This web site contains stories of physical, mental, emotional and sexual child abuse.
Google

Previous | Orphan Survival Stories Index | Next


THE GIFT



Boy! Was I excited! One of the older boys that lived with us in the orphanage dormitory had stolen a ‘Boy's Life Magazine’ from the Spring Park School building and had sneaked it into our dormitory.

I was amazed when I looked at all the pictures and what was going on in the outside world. I always thought that all kids, even the ones who had moms and dads, just stayed home all the time, like we had to do. But there were pictures of kids hiking, swimming, camping and all kinds of fun stuff.

I was just starting to realize for the first time in my life that there were lots of fun things kids could do, if you lived outside the fences of an orphanage. I was very sad by the time I reached the back few pages of the magazine. I turned the pages slower and slower, so I could watch all the fun things for as long as I could. Occasionally, I would turn back the pages where I had stuck my finger, just to see the kids laughing and yelling, while they were getting to play.

When I turned the last page, it was nothing but advertisements. I noticed this one special ad, because it was bigger than the others and it was printed much darker. “The Cheerful Card Company,” it read. “All Boys Can Make Money or Receive Gifts in their spare time.”

"I have lots of spare time," I said aloud to myself. I slowly read down the ad and saw all the gifts that they were offering. They were pictured and lined up in a row.

One time, I did write Ester Williams, the movie star and the orphanage let me have the signed picture that she sent back. But I don't know what happened to it. I think one of the older boys stole it from me and hid it in his locker. Maybe the orphanage would let me sell the cards for Cheerful Card Company, so I could get a gift or some money.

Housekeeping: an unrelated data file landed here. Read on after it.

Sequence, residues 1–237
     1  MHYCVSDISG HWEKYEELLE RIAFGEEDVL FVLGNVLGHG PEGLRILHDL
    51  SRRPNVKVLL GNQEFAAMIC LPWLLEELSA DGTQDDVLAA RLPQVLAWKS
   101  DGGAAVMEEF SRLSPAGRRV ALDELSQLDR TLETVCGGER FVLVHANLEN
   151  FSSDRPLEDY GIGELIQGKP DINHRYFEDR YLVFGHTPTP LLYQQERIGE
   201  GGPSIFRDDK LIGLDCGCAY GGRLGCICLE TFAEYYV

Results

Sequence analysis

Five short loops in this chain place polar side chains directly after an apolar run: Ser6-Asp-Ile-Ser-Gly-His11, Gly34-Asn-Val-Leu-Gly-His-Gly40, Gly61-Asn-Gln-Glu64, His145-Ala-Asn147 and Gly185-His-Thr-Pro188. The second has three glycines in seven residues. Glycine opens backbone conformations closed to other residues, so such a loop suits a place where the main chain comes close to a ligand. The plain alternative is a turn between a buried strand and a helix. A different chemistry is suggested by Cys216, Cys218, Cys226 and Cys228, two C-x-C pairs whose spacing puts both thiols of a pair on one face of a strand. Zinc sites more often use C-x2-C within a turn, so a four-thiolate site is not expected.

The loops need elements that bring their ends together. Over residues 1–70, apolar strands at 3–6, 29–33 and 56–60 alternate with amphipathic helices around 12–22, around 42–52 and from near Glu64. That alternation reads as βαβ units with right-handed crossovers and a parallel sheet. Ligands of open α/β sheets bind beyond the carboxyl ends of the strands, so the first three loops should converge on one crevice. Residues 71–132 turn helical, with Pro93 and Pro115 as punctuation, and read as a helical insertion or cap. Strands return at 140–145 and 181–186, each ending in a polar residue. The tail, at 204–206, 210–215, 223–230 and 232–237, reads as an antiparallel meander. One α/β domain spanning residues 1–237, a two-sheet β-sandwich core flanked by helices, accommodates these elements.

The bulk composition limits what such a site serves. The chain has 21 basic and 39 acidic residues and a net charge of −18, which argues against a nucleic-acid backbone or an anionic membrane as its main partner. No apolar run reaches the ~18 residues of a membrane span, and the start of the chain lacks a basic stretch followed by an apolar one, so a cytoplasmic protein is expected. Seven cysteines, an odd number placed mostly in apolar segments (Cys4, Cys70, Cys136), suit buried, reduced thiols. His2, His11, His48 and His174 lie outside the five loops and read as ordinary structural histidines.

I filled out the form "Roger Kiser, who lives at the orphanage at 3165 San Diego Road, Jacksonville, Fla." and I put it in the mail using a stamp that I got from Old Topper. He was the old policeman who walked around the outside of the orphanage fences every afternoon.

Two weeks later, I was called to the front office by Mrs. Winters, the head matron. There was a big, brown box laying on one of the dining room tables. I was so excited that I ran up to the box and starting rubbing it. She grabbed me by the hair of my head and starting yelling at me. She made me carry the box out back behind the dining room and open it. Mrs. Winters took all 12 individual boxes of cards out of the larger box and had me dump them on the ground. Then she lit the cards on fire with a match. She got real, real mad, 'cause they made a lot of smoke and would not start burning. Within the hour, the cards were all gone and lay in a pile of hot ashes, along with the great big box they came in.

I wrote to the Cheerful Card Company and I told them what had happened, and that I did not have any money to pay for their beautiful cards. About a month or two later, I was called to the office once again. Mrs. Winters had gone on vacation. The woman who was there taking her place told me that I had received a large box in the mail. I knew that I was in bad trouble, so I turned and ran out of the office, through the dining room and back to my dormitory. I went up into the attic through a hole in the ceiling of the down stair’s bathroom where I hid for hours.

That night after all 60 of us kids had finished our supper, the woman asked me to remain seated. She excused all the other children by ringing the small bell, which sat at Mrs. Winters' position at the head of the front table. As I sat there, she left the dining room and returned a few minutes later holding the big, brown box and she asked me to open it.

When I opened the box, there was a letter lying inside. It read, "Thank you, Roger, for your honesty. Please accept this gift." It was signed "The Cheerful Card Company." Beneath the note was a beautiful tent, which the woman allowed me to keep. It became our army fort for many a year at the orphanage.

I will never forget that letter and The Cheerful Card Company calling me an "honest" little boy. Without having heard those words, I would have never known what “BEING HONEST” was supposed to feel like. It was that letter that gave me a conscience and somewhat guided me for the remainder of my life.



Please visit http://www.cheerfulcardcompanykids.com. A web site established for former kids (to get together) who sold greeting cards for The Cheerful Card Company.



CLICK HERE to order an autographed copy of"ORPHAN"

CLICK HERE to order "ORPHAN" Online

[ Previous | Orphan Survival Stories Index | Next ]